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    Hello roboboyo,
    I totally agree with Dave and Newby, many of us started out many years ago by buying balsa kits from firms like keil-kraft and others. Here's my contribution.
    1.Screws rip out of balsa. An extreme case would be an engine mount for an ic. engine.
    2. There is different quality balsa, some is harder than others, some is too soft. Some cuts nicely across grain with a knife others tear.
    3. Direction of grain in a model is very important. Whilst the same is true of ply it is more forgiving.
    4. It sands easily, in some cases too easily. i have lost count of the times I have got carried away sanding.
    5. I find that using a razor saw is best (for me) for cutting across grain. Cutting inside curves can be tricky as the knife blade sometimes follows the grain rather than where you want to go.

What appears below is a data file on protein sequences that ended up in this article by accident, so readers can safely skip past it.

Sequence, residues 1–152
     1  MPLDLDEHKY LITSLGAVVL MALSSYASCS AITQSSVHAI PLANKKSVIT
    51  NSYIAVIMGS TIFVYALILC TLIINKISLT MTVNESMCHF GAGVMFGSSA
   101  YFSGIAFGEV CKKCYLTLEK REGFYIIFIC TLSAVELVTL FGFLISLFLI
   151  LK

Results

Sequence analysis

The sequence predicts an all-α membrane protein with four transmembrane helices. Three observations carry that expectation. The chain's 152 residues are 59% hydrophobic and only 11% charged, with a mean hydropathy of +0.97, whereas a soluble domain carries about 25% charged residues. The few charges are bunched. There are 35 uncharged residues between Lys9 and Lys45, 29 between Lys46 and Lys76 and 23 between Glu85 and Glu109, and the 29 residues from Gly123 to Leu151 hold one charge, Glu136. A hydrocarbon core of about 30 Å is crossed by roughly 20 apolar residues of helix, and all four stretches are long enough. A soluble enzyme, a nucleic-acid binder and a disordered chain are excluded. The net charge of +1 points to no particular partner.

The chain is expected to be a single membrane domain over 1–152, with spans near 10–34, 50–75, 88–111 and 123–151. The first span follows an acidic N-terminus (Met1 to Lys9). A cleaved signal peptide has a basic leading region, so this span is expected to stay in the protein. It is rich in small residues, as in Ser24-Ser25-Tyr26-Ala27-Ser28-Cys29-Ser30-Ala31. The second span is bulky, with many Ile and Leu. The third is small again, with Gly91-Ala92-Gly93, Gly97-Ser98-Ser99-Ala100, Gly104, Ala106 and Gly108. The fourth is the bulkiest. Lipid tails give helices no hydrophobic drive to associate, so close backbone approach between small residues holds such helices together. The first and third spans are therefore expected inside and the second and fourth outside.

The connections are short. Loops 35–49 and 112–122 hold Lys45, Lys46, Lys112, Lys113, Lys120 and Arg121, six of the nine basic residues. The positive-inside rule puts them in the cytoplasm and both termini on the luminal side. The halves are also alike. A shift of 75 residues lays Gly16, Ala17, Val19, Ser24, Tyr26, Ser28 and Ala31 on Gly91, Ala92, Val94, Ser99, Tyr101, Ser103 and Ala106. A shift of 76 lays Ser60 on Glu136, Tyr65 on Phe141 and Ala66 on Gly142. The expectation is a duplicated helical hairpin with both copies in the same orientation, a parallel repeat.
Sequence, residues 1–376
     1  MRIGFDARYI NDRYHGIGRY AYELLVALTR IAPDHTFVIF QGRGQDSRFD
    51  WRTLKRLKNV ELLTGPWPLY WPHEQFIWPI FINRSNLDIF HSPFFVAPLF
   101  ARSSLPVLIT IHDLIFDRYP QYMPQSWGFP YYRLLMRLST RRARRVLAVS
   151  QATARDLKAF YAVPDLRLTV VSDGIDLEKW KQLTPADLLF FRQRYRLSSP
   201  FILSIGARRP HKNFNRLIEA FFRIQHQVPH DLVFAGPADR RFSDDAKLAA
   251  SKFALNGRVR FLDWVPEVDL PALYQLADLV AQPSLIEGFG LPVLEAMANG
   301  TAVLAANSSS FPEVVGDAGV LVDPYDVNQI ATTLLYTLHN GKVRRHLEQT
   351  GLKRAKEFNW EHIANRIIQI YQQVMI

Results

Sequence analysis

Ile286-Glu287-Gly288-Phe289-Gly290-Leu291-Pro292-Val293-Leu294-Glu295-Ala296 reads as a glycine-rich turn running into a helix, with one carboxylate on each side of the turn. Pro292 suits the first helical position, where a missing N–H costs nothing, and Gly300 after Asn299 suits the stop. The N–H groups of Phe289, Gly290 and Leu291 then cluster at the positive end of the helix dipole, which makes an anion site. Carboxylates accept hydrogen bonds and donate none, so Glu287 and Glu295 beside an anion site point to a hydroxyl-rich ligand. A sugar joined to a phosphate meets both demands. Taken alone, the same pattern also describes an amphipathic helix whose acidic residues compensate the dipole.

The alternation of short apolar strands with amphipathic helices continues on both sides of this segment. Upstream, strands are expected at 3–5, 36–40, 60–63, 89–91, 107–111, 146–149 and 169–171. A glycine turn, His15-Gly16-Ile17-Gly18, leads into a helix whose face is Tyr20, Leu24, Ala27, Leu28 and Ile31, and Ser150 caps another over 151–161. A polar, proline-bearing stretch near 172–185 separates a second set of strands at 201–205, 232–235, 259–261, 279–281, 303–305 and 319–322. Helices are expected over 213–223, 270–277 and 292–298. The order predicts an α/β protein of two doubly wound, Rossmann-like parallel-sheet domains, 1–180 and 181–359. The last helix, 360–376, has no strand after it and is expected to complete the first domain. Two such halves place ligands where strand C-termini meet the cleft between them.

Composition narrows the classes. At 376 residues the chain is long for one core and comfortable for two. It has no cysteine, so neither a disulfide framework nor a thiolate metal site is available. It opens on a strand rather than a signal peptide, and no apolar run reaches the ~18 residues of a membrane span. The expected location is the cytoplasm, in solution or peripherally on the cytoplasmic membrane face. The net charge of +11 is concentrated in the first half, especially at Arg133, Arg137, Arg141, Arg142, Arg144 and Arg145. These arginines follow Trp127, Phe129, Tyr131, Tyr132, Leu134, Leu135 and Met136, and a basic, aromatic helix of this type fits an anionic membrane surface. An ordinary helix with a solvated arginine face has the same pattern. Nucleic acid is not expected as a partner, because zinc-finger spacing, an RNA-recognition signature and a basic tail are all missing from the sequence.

6. Finally, balsa has prominent grain which might need a lot of filling.
    a model that I am currently working on is HMS Hornet, a Torpedo boat destroyer from the 1890's. The structural parts of the boat are wooden rod and ply but the stern, part of the bow and fore deck are carved balsa block covered in aircraft tissue and doped several times.
    Good luck with your project.
    Tim
    3
    roboboyo
    Leading Seaman
    ๐Ÿ“ Balsa of choice and alternatives
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    Thanks for the info.

    I was going to use the dremmel saw for the cuts.

    Basically I want to do a model roro ferry and it will be for show rather than used for working. Iโ€™ll have it flat on the bottom on a sheet of wood to mimic it sailing the sea (if that makes sense. Iโ€™m thinking of doing the Irish ferries boat isle of innishmore
    1
    pressonreguardless
    Lieutenant Commander
    ๐Ÿ“ Balsa of choice and alternatives
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    In addition to what was previously stated, Balsa swells quite a bit when wet. it needs to be encapsulated-sealed with resin to avoid water penetration.
    Trev
    2